It’s not possible!
On April 14, 2019, more than a thousand people dedicated their Sunday afternoon to the memory of Evaldo, a black man shot in a public square with 80 shots by the Brazilian army. Another day dedicated to denounce to the world the genocidal rulers who lead our country. A country that lives in war.
Obviously, a situation in which the army shoots with 80 shots, a car with a family inside, in the middle of a public road on a Sunday afternoon, just does not draw attention and does not provoke revolt in people with some perverse type of psychopathy. But it must be said that absurd situations happen more often than one imagines.
How do you not remember the 111 shots of the Military Police in a car with 5 black boys, in Rio de Janeiro, in 2015; or the slaughter of Cabula, also in 2015, in Salvador, Bahia, when police lined up 12 youths on a futebol field for the firing squad; or Amarildo, a prisoner tortured and killed by Military Police (MP) in 2013; or Cláudia Silva Ferreira, a black woman, shot by the MP and then dragged for more than 250 meters, on public highway, by a police car; and the many children killed in police actions in Rio and other states; and Marielle Franco, murdered by ex-police militia? That’s just to name a few.
In addition to cases that have repercussions in the media, it must be said that murders of black people themselves are absolutely commonplace in this country.
In the last period, the Brazilian police killed in 5 years more than all the North American police in 30 years of work. Every 23 minutes a young black man is murdered in Brazil. The Brazilian State, directly or indirectly, promotes the genocide of the black population.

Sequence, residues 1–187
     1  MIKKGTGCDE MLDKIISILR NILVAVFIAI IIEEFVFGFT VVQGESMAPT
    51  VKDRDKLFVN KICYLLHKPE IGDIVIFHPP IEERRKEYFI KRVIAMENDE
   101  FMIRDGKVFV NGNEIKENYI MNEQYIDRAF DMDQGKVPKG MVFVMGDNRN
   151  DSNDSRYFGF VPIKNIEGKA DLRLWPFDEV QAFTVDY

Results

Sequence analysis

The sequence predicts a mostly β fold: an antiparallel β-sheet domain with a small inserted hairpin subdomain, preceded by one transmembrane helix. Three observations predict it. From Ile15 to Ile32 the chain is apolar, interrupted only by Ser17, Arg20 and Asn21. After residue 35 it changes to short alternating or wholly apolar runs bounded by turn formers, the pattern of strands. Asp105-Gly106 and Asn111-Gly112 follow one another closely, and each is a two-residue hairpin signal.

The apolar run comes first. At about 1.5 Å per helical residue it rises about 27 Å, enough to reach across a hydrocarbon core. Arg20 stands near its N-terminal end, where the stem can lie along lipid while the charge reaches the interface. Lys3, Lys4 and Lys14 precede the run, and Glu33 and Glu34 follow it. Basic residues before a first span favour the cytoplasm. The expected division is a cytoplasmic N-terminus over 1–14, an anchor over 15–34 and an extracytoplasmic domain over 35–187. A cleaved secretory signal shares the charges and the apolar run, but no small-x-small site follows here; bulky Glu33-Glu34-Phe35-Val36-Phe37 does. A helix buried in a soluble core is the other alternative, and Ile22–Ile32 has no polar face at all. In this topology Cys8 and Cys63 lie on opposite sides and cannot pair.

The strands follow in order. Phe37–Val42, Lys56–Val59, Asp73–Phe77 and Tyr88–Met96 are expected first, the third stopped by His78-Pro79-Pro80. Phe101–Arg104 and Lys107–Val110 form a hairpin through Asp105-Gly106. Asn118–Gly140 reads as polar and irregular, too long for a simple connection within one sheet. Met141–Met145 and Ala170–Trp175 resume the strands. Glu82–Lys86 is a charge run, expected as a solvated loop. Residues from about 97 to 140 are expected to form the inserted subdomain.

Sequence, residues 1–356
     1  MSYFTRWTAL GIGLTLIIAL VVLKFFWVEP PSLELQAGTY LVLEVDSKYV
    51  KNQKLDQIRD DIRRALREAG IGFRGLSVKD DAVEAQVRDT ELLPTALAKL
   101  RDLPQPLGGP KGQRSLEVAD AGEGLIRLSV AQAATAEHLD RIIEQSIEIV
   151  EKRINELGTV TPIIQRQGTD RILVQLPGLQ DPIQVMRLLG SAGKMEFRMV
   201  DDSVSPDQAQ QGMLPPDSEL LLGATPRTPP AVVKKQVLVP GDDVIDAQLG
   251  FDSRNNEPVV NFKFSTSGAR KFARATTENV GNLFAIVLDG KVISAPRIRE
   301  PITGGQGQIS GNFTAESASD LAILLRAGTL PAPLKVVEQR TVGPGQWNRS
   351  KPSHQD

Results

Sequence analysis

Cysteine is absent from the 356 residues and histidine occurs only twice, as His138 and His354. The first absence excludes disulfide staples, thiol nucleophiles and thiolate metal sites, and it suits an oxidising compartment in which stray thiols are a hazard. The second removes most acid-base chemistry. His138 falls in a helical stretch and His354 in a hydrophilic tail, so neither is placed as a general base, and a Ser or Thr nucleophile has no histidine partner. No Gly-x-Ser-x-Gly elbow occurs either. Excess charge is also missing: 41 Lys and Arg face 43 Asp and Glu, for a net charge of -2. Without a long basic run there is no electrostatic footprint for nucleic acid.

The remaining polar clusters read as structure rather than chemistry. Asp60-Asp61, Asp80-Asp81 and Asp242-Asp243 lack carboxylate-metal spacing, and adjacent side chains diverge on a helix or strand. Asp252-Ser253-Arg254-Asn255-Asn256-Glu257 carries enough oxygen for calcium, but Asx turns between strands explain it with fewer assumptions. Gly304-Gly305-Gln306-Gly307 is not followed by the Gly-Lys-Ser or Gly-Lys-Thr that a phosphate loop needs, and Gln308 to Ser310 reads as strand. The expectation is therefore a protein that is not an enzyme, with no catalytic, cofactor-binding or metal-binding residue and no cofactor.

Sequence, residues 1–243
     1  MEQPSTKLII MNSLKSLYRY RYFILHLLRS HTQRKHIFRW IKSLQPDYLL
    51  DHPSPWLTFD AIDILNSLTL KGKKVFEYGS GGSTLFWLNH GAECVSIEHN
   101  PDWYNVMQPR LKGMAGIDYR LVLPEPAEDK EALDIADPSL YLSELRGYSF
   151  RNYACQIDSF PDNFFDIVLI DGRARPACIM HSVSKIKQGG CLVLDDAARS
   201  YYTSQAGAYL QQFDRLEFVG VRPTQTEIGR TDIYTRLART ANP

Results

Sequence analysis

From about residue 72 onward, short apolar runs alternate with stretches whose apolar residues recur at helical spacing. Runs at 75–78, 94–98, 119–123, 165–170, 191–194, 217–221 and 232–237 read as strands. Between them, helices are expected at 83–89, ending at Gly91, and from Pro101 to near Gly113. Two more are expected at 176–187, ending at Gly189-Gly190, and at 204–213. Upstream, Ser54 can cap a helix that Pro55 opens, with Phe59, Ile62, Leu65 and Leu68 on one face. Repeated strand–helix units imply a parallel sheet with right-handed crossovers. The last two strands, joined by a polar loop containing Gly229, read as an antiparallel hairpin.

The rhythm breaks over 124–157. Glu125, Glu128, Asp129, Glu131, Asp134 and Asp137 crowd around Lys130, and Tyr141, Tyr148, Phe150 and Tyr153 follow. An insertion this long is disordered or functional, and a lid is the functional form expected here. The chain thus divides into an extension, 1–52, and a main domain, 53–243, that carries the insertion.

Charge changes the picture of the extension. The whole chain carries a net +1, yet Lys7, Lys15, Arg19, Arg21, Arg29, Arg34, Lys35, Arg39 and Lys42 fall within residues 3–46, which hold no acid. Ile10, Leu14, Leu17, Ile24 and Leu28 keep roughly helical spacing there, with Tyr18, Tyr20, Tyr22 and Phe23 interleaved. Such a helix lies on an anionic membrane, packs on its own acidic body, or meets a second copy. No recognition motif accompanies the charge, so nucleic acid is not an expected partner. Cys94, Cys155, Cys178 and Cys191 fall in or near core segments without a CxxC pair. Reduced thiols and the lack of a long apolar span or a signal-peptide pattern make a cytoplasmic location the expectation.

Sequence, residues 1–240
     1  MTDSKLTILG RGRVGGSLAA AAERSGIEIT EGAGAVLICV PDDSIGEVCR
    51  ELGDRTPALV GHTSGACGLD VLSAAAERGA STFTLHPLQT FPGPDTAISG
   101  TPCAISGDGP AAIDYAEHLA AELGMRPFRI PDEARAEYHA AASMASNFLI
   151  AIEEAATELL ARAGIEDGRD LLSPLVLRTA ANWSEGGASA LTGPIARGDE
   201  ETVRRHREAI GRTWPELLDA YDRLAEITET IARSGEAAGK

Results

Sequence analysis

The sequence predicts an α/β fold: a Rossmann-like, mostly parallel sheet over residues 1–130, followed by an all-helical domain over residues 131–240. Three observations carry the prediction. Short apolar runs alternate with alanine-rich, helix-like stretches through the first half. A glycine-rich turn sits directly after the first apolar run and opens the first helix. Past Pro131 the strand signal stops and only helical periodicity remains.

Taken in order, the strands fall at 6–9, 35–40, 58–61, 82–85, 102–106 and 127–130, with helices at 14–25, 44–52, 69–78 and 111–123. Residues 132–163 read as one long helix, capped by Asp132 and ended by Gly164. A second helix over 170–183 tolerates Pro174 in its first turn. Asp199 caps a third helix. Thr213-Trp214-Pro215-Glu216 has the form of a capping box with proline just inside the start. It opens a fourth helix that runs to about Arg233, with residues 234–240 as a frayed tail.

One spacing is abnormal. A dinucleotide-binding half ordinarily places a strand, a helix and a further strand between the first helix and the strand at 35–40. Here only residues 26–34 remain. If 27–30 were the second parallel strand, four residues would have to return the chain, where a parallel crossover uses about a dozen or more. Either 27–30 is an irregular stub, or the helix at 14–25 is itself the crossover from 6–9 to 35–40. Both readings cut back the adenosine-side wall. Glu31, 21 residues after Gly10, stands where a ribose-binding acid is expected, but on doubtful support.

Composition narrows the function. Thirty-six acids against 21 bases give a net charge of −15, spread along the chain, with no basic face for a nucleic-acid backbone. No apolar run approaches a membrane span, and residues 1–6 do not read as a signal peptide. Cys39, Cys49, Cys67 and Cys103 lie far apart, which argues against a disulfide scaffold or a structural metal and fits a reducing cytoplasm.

Several studies, such as the Atlas da Violência (Atlas da Violência), produced by Ipea and the Fórum Brasileiro de Segurança Pública (Brazilian Forum of Public Security) (FBSP), report that in 2016, Brazil reached the historical mark of 62,517 homicides. This equates to a rate of 30.3 deaths per 100,000 inhabitants, which corresponds to 30 times the rate in Europe. When broken down by race/color, genocide is proven: 71.5% of the people who are murdered each year in the country are pretos ou pardos (black or brown).
In the text, numbers are just numbers. To live with it daily is something else.
That is why I am deeply grateful for the company of militants, men and women who, in the most difficult moments, take some into the hands of others to remember and reaffirm our mission and that we are not alone in it. Thank you.
Barring black genocide is a historic task in Brazil and in the world. Our generation will do its part!
Justice to Evaldo Rosa and all the murders of black people, from the first ship full of the enslaved to the car and the body sprayed with 80 shots!
About the protest
Groups linked to black movements met on Sunday (14) on Avenida Paulista, to celebrate the memory on the 7th day of the death of the musician Evaldo dos Santos Rosa, 51, on Sunday (7) in Rio de Janeiro. Rosa was killed when the car he drove was targeted by at least 80 rifle shots fired by Army soldiers.
With the name “80 tiros em uma família negra, 80 tiros em nós!” (80 shots at a black family, 80 shots at us), the act came together in front of the Museu de Arte Assis Chateaubriand (Assis Chateaubriand Museum of Art or Masp).
A huge banner with the phrase “Parem de atirar em nós” (Stop shooting at us) marked the protest. Protesters alternated the microphone to talk about the persecution of blacks in the periphery.
#ContraOGenicidiodoPovoNegroBrasileiro (Against the Genocide of Black Brazilian People)
#UneafroResiste (Uneafro Resists)
#VidasNegrasImportam (Black Lives Matter)
#ParemDeNosMatar (Stop Killing Us)
#ParemDeAtirarEmNós (Stop Shooting At Us)
Source: Douglas Belchior/Carta Capital